A team of 10 Woods Hole Oceanographic Institution scientists, who spent the month of August aboard the RV Neil Armstrong, arrived at home port in Woods Hole on 4 September, having successfully skirted Hurricane Laura as she headed in their direction. The bumpy ride home capped the successful deployment of all OOI Irminger Sea Array moorings in sometimes turbulent seas.
While onsite at the array, the team successfully met all of its mission objectives by recovering and deploying four moorings and deploying two gliders. One glider transits the individual moorings, which are spaced approximately 20 km apart, while the second glider samples the upper 200-meters of the ocean above the centrally located hybrid profiler mooring, which measures the remainder of the 2800-m water column. A third glider was recovered soon after deployment because it had a microleak. The team also conducted CTD casts at each of the moorings, which measure onsite temperature, salinity, and oxygen conditions and validate data being collected and sent to shore by the array.
“The Irminger Sea array presents both unique opportunities and challenges for reporting ocean data,“ explained Sebastien Bigorre, who served as chief scientist on the Irminger Seven expedition. “It is located in a remote area of the North Atlantic with high wind and large surface waves, which present operational challenges. The area is also of great interest for scientists and society because of the intense exchange of energy and gases between the atmosphere and the ocean. The ocean there captures heat and carbon dioxide from the atmosphere, thus it is an important component of the climate system. It is also a region of high biological productivity, making it an important fishery. Recent studies have shown that the data collected at the Irminger array are essential to correctly describe the ocean circulation of the North Atlantic.”
It is an eight-day transit from Woods Hole to the Irminger Sea Array and another eight-day transit to return to home port. To maximize the use of ship time, the Irminger Sea Array Team shared ship space and mission time with scientists from OSNAP (Overturning of the Subpolar North Atlantic Program). OSNAP is seeking to provide a continuous record of the horizontal transport of heat, mass, and freshwater in the subpolar North Atlantic, and is complemented by the much longer-term records of water-column properties and air-sea transfer of momentum, heat, and moisture that are provided by the OOI Irminger Sea Array. Once on site, the expedition started with deployment of OOI moorings and gliders, switched its focus to recovery and re-deployment of OSNAP moorings, before finishing with the recovery of the previous year OOI Irminger Sea moorings.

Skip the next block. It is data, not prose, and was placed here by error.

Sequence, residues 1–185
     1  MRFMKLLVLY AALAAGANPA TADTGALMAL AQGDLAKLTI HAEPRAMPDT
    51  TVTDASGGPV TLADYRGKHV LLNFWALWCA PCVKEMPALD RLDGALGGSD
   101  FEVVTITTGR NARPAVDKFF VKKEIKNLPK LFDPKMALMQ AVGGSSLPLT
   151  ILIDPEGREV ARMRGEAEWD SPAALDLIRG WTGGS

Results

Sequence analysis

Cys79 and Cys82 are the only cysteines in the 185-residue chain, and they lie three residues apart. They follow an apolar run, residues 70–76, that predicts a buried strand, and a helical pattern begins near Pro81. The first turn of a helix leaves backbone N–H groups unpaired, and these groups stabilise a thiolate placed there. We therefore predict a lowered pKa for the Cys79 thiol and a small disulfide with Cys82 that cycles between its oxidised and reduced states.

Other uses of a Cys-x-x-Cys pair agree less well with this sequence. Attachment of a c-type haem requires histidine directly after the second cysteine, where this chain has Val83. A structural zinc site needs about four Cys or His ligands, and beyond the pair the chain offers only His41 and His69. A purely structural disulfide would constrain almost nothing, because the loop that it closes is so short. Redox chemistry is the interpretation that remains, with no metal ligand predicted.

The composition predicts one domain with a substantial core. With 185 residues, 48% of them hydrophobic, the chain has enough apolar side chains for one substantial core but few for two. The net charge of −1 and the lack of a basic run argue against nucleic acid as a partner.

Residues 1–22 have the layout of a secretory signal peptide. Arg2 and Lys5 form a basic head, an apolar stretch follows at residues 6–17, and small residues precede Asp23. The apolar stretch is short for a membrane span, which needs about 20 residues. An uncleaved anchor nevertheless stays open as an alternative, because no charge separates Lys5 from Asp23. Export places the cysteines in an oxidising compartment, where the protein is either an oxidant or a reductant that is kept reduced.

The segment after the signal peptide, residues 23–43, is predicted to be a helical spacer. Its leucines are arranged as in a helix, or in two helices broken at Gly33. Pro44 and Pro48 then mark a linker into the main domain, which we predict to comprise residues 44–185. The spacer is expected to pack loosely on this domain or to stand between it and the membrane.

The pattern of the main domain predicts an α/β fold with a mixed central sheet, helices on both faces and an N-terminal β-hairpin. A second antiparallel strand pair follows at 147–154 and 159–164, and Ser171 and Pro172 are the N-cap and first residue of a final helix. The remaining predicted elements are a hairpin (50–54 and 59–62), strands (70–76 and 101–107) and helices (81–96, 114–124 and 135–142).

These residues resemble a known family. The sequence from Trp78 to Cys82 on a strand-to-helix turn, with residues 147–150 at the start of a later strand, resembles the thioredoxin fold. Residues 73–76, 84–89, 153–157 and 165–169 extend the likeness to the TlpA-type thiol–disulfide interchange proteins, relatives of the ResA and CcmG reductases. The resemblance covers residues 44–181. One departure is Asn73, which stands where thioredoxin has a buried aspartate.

“Our partnership with OSNAP is an example of how we try to maximize our resources for scientific research, from cruise planning, to operations at sea. During transits, we test and triple check our equipment to ensure that comes deployment day, everything goes as smooth as possible. On site, we coordinate operations to accommodate for weather conditions or to optimize shared equipment or personnel. When there is a lull in scientific activities, we plan for the ship’s instrumentation to collect data that is relevant to our scientific objectives, so every hour of the cruise is used to its full potential,” added Bigorre.
The following images show the many tasks undertaken during the month-long expedition: